The initiative by the present government to situate factories in the various districts in Ghana has been widely commended as a laudable initiative aimed at solving the unemployment situation in the country.
This is because the alarming rate of joblessness among the youth in Ghana continues to pose a major threat to national security.
Needless to say, unemployment serves as a breeding ground for the perpetuation of crimes by the energetic youth.
One-district, one-factory (1D1F) has the potential of boosting Ghana’s economy by enhancing Ghana’s foreign trade deficit (import to export ratio), thus strengthening the cedi against international trading currencies such as the United States (US) dollar and the British pound sterling.
While we continue to trumpet the ‘almost becoming’ cliché that Ghana is the gateway to West Africa and the preferred destination for the investor [‘blessed’ with natural resources such as gold, diamond, bauxite and now oil in commercial quantities, coupled with other factors such as the relatively high quality agricultural raw materials, affordable labour, a relatively stable democracy and the fact that Ghana has enjoyed relative peace since independence et cetera et cetera], our high cost of energy, which has a direct impact on production, and industrialisation automatically becomes the key turn-off for foreign investors and Ghanaians in the diaspora who may want to harness business prospects in Ghana, thus, the 1D1F.
In spite of the Public Utilities Regulatory Commission’s (PURC’s) announcement of a reduction in electricity tariffs effective March 15, 2018, Ghana still remains comparatively high on the price index for electricity tariffs in West Africa.
Commercial energy consumers are now required to pay $0.32 cents per kilowatt an hour while domestic consumers are charged as much as $19.28 cents per kilowatt an hour depending on their rates of consumption.
If you compare these rates to neighbouring Cote d’Ivoire who charge $0.13 cents (19 cents less) for commercial consumers per kilowatt an hour and $9 ($10.28 less) per kilowatt an hour for domestic users, you will immediately understand why industries are complaining, shutting down or relocating in some cases.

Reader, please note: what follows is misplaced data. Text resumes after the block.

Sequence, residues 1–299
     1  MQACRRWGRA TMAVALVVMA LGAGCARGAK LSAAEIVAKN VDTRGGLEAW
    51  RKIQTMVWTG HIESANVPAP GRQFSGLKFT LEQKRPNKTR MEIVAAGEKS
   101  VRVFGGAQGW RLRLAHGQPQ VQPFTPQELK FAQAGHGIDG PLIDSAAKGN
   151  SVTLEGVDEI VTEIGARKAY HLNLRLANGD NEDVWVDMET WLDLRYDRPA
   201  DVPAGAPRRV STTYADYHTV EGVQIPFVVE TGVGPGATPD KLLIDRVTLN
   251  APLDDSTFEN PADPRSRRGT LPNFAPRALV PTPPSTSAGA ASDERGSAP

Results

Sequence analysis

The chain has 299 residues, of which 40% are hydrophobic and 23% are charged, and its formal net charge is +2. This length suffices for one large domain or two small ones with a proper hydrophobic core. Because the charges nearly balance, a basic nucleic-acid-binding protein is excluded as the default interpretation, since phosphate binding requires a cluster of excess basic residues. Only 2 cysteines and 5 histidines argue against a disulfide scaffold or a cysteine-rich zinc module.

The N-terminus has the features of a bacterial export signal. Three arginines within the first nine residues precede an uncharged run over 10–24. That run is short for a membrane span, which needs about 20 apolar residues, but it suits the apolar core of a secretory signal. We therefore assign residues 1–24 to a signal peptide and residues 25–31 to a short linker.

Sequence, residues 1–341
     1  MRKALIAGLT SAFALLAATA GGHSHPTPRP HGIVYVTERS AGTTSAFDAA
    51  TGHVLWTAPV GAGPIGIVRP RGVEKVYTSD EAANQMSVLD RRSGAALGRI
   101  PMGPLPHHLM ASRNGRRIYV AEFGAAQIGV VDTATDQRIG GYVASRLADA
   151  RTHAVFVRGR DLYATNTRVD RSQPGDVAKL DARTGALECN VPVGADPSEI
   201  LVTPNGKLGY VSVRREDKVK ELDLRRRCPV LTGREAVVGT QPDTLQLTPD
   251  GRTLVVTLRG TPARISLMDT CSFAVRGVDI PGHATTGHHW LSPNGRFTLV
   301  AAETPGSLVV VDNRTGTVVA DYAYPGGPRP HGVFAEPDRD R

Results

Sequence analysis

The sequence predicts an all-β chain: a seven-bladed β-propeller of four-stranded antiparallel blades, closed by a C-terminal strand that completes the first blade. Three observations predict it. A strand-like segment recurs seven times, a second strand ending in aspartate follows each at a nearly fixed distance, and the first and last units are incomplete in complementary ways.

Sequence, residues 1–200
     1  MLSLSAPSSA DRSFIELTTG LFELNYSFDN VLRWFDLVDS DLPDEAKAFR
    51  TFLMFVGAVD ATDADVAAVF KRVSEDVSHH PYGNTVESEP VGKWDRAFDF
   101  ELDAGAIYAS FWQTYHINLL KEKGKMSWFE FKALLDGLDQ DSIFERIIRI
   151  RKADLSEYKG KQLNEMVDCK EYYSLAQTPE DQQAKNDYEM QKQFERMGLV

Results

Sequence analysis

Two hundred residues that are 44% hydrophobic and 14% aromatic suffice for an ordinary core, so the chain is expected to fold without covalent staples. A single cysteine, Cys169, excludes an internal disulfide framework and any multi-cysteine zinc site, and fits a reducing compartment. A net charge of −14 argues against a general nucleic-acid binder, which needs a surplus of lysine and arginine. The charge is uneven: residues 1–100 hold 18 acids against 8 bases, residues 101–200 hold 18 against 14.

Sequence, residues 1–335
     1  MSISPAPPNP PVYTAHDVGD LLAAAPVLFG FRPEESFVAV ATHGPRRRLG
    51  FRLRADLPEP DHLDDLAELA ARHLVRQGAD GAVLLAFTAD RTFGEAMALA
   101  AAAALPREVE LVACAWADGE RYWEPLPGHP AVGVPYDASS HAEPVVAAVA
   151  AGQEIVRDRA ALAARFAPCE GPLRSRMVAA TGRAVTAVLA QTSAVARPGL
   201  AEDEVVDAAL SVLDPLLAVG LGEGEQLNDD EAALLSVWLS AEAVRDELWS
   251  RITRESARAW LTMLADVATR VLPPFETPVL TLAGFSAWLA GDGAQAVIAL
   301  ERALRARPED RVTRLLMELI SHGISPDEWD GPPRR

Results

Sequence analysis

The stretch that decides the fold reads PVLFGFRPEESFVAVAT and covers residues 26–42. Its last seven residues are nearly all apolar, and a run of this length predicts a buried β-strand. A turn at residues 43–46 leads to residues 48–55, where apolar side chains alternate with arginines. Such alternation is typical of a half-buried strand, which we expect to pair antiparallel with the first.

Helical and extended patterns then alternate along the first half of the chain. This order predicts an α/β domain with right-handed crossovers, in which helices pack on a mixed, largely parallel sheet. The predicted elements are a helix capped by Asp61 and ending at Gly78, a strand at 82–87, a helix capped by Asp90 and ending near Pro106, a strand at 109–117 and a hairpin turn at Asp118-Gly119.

The tariff system in Ghana, where low power consumers pay less than high power consumers, is also another disincentive for potential manufacturers who consume high energy in their operations.
Although the tariff system is intended to discourage careless consumption of electricity, the attempt to lump in industrial consumers to limit their energy consumption or pay more for extra consumption is frantically imprudent because it will sooner or later limit production or result in losses or an eventual shutdown of industrial operations.
Is it not ironic that while Ghana is exporting energy to Cote d’Ivoire and Burkina Faso, factories in Ghana are relocating to Cote d’Ivoire and we are importing foodstuffs and other items from Burkina Faso?
High cost of energy leads to high cost of production and makes Ghana unattractive for the setting up of factories, thus generating a consistent increase in imports. This significantly explains why locally produced goods end up becoming more expensive than their imported counterparts in spite of the high duty charges at our various ports of entry.
The relocation or shutdown of factories that could earn Ghana some foreign exchange has had adverse effects on the strength of the cedi, with $1 now going for ¢4.85 and still wobbly.
In the 1960s & 70s, when we had the Komenda Sugar Factory, Tema Food Complex, Kumasi Shoe Factory, Aboso Glass Factory, Aveyime Cattle Ranch, Saltpond Ceramics, Kade Match Factory, Kumasi Jute Factory, Pwalugu Tomato Factory, Nsawam Cannery et cetera, Ghana’s import on consumables was less than 30 per cent.
Today, upon the closure of all these factories and more, Ghana imports over 90 per cent of its consumables.
The question is: How can a nation strengthen its currency if over 90 per cent of its consumables are imported?
With the recent approval by Parliament for private sector participation in the management of the Electricity Company of Ghana (ECG) with Manila Electric Company of Philippines leading the bargain, it is expected that some changes may occur to guarantee efficiency in the service delivery of ECG. However, if the outcomes of these changes do not lead to a reduction in tariffs to the industrial consumer, it will be an encumbrance towards the realisation of 1D1F and a further deepening of the unemployment situation in Ghana.
The government must, as a matter of urgency, explore other cost-effective forms of energy such as solar, bio-energy, nuclear and wind energy in order to enhance Ghana’s pedigree as the business destination for West Africa.
Considering all the other business niceties Ghana brags about, the fact still remains that until we are able to adopt realistic measures that will ensure a drastic reduction in our cost of energy which ought to reflect in tariffs to consumers, the ‘almighty’ 1D1F initiative will continue to be a vision yet to be achieved.